NextFab Blog

Digital Embroidery Workshop with Shelley Spector

Posted by admin

Mar 8, 2012 2:50:52 PM

Breadboard resident artist Shelley Spector held another digital embroidery workshop this past weekend at NextFab! Shelley has been here working on our laser cutters and our digital embroidery machine, leading up to her exhibit Dreck Groove, on display now at the Esther Klein Art Gallery. If you haven’t been over to see her work at EKG yet, it will be up until March 30th. It’s not one you want to miss!



The workshop started at the gallery, where Shelley greeted attendees and discussed her work. Afterward, everyone came to NextFab and Shelley dove into the details of the processes she used for her work.



The workshop was split into small groups and they rotated through 4 stations: a tour of NextFab’s machinery and facility, sewing with the digital embroidery machine, laser cutting, and the digital embroidery software.



Everyone in the workshop was able to make and take home their own “Gone” watch, a piece designed by Spector for the workshop.



Thank you to Shelley for holding the workshop and to everyone who came! If you missed it, sign up for our digital embroidery classes and catch up!

Topics: digital-embroidery, philadelphia, workshops, Uncategorized, nextfab-studio, breadboard, shelley-spector, laser-cutting, nextfab, textiles, laser-cutter, ekg, resident-artist

Untitled

Posted by admin

Nov 30, 2011 6:29:00 PM

http://vimeo.com/27090239

Check out this great project. Follow their updates on twitter, facebook and tumblr!


The Space Savers Project is a citywide public arts project, inspired by the Philadelphia custom of “saving” on-street parking. Saving public parking spaces, while technically illegal, is widely practiced throughout the city. Items like recycling bins, upturned garbage cans, cinder blocks and broken furniture are traditionally used as space savers. While the objects effectively “save” spaces, they can be visually crude and imply threat/ possession. We called on artists to design and create alternatives to the objects traditionally used to save spaces. This is public art project as well as an environmental and social experiment. We wanted to re-imagine what space saving in the city can look like. We wondered: Can a change in the aesthetics change the message of space saving? Or is the act of space saving immutable? Perhaps by replacing traditional space savers with art, we can transform the practice of saving spaces and begin new community dialogues.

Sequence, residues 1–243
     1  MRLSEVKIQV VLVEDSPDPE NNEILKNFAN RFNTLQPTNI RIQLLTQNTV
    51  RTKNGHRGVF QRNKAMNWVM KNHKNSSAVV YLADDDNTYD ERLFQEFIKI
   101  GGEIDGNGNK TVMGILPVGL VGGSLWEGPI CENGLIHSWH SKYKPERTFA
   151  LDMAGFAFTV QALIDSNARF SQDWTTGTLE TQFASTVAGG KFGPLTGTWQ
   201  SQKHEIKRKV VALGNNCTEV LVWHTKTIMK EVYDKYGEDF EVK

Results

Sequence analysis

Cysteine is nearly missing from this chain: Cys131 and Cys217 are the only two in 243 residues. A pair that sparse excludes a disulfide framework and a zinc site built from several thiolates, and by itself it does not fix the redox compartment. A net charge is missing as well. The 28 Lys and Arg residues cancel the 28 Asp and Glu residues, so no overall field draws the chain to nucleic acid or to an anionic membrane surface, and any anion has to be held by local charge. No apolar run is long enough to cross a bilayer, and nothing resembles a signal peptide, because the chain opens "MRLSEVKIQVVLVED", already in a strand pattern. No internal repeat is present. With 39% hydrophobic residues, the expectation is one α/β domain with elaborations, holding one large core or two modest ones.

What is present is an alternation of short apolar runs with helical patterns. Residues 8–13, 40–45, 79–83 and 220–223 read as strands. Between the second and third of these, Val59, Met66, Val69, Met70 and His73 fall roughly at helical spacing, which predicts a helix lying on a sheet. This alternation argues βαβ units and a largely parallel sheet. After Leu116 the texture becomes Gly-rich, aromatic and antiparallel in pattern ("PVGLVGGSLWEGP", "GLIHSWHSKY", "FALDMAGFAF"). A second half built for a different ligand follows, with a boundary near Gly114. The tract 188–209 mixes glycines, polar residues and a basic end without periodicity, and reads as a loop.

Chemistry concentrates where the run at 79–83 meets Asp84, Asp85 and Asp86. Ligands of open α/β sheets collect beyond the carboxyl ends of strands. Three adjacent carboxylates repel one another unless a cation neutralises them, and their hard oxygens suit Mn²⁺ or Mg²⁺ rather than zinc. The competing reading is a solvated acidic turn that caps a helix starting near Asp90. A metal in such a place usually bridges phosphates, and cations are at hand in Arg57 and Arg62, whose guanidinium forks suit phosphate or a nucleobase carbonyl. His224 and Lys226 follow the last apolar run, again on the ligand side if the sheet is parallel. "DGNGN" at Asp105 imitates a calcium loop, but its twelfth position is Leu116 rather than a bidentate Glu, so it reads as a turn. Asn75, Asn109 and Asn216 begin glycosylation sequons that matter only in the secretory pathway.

Is saving a parking space with a work of art different than saving one with a cinder block tethered to a street sign? The Space Savers Project may reveal an answer.


The creative goals for The Space Savers Project are:


·      To re-imagine a Philadelphia custom;


·      To transform environments and social customs;


·      To engage viewers outside of traditional gallery spaces.


Contact: thespacesaversproject@gmail.com


The Space Savers Project is supported by Breadboard and Temple Gallery. The Project responds to the Vision Plan of the City of Philadelphia Office of Arts, Culture and the Creative Economy, which encourages more temporary public art programming in Philadelphia including projects that utilize temporary public art to illuminate or address critical civic issues and promote civic engagement and dialogue.

Topics: public-art, project, philadelphia, Uncategorized, great, breadboard, nextfab, breadboard-philly

Shelley Spector's Digital Embroidery Workshop

Posted by admin

Nov 4, 2011 12:01:00 PM

This past Saturday we held a digital embroidery workshop run by Breadboard resident artist Shelley Spector. Even with the slushy, snowy, winter-in-October weather, we had a brave bunch of souls show up for a more intimate, in-depth, workshop. Attendees learned about the basics of digital embroidery and a bit of laser cutting, and were able to take home what they made with us!